Best Practices using VLANs with iSCSI and vMotion

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So many times, the discussion comes up with using vlans , how to use them, and when they need to be implemented, especially in best practices using vlans with iscsci and vmotion.  Do you always use vlans with iscsi and vmotion or is it a case by case basis?

Let me say this – you will not go wrong using vlans in a VMware environment to segregate iscsi and vmotion traffic on every install in my opinion.  However, there are some factors that can be considered to decide whether or not vlans are better to use than not in a case by case basis.

vlan_iscsi01 Best Practices using VLANs with iSCSI and vMotion

How much bandwidth and link speed?

If you are using on gigabit capable switches, it is ALWAYS best practice to employ vlans to segregate your different networks.  With gig connections you are already dealing with a more limited amount of bandwidth.  To ensure you have dedicated network traffic space, use vlans to ensure you don’t have bandwidth issues for your iscsi connections, vMotion, etc.

On the other hand, if you are using 10 gig switches with multiple connections for iSCSI and vMotion, vlans are not as important, because the backbone for carrying your data is much larger and especially if you don’t have competing traffic other than iscsi and vMotion on the switch, you probably won’t see any performance difference.

How many different types of traffic?

Do to budget reasons or other environmental factors some use their iscsi switches for more than just iscsi, vmotion and other types of traffic.  They may be using the switch stack to aggregate other types of traffic.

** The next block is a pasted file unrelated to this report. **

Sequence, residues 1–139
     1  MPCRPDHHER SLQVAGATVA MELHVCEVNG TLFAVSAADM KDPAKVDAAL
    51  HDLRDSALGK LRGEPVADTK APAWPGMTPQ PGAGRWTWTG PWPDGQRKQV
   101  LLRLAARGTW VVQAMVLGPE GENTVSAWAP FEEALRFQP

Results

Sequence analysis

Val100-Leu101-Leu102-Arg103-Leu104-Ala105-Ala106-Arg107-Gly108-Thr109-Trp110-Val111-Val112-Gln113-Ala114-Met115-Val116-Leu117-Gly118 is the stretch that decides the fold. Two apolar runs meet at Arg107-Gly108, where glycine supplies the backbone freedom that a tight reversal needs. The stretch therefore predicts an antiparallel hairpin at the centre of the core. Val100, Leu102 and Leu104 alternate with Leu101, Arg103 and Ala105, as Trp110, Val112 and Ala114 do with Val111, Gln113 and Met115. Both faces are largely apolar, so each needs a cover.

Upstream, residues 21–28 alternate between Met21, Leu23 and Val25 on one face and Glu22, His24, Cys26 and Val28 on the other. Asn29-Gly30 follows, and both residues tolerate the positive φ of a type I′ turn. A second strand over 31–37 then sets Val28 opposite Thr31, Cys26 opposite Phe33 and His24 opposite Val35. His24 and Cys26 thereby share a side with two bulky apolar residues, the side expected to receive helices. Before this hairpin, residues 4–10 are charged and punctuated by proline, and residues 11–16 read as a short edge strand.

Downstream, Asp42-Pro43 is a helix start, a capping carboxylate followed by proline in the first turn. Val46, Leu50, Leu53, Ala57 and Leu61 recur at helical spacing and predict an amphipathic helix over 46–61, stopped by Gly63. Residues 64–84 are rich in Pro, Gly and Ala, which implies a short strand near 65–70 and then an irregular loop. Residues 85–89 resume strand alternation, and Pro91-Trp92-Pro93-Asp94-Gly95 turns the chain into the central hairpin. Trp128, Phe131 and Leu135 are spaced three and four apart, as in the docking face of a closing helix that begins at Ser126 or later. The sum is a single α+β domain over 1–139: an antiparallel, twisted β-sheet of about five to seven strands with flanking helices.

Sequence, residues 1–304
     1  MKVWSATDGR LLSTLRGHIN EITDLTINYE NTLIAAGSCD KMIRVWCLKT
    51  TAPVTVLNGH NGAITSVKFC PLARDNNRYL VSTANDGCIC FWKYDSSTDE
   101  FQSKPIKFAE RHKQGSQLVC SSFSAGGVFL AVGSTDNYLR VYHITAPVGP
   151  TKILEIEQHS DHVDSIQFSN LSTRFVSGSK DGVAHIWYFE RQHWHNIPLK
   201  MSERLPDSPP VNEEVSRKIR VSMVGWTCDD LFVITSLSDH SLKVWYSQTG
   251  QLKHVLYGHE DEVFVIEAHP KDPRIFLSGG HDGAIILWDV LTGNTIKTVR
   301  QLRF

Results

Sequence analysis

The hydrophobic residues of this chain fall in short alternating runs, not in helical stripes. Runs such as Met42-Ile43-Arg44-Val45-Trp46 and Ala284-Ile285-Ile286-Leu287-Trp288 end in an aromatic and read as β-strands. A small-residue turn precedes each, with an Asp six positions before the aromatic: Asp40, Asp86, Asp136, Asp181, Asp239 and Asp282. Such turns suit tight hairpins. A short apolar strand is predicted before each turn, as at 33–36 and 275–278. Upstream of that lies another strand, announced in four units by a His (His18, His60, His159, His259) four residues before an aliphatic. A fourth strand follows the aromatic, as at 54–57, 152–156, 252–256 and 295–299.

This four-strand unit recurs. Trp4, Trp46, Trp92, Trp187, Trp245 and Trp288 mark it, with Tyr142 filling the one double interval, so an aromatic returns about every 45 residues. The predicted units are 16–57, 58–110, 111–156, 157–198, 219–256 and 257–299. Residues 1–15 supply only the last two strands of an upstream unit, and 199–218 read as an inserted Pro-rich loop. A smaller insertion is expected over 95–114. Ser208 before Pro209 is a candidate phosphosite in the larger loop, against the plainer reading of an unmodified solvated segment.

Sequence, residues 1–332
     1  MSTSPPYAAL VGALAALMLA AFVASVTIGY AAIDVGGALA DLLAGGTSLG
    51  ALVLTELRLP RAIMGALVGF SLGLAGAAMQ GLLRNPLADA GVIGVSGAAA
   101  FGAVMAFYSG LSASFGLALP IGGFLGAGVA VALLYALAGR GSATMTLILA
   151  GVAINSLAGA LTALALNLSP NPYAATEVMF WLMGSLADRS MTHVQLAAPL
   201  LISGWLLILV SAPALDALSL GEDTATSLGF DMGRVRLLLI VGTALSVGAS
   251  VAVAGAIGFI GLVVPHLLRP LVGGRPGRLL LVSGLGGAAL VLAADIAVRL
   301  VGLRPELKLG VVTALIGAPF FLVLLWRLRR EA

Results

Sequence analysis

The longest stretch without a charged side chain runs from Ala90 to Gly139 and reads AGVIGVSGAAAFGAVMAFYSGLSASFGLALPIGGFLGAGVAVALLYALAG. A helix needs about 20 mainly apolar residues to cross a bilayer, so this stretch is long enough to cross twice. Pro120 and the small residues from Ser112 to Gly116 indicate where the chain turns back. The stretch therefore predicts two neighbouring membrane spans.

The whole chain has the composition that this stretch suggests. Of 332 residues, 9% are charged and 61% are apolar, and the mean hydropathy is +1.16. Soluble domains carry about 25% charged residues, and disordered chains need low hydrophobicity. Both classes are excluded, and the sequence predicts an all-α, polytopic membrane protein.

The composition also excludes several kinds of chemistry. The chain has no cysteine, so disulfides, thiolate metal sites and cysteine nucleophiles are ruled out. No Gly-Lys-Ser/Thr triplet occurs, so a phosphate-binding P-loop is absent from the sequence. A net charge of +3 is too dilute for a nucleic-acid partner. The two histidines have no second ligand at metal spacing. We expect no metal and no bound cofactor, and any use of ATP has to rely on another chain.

If you have many different types of traffic and networks aggregated in the same switch, vlans are definitely something you want to deploy on your switches to segregate traffic and to help enforce dedicated network boundaries between your traffic spaces.

Management Interface

Another more minor reason to consider whether or not to employ vlans on your storage switches is whether or not they have dedicated management interfaces.  If your switch has a dedicated OOB management interface, you can address this interface for remote management or management on your LAN.  This traffic is not switched traffic through the rest of the switch fabric.

However, if your switch does not have a dedicated management interface, most likely you will be assigning an IP on vlan 1 which is the default vlan for most all switch manufacturers so on a flat switch (no vlans) any uplinks to the switch would be “connected” to the rest of your management network.  Also, other uplinks would also try and grab DHCP addresses when connected to the switch if not otherwise assigned which in most environments is not desirable.

Recently, case in point, I was working with a pair of Dell N2024 switches which have no dedicated management interface.  So in addition to other reasons mentioned above, I carved out two additional vlans for iSCSI and vMotion to segregate these networks from the management network of vlan 1.

Final Thoughts

As with any answer there are always exceptions and different ways of doing things based on the needs of a specific environment.  So there is no “cookie cutter” answer that perfectly fits every scenario.  Vlans are like any other tool – they have their place and can be properly used and then also misapplied.  Please share your thoughts or input in your specific experiences using vlans with iSCSI and vMotion.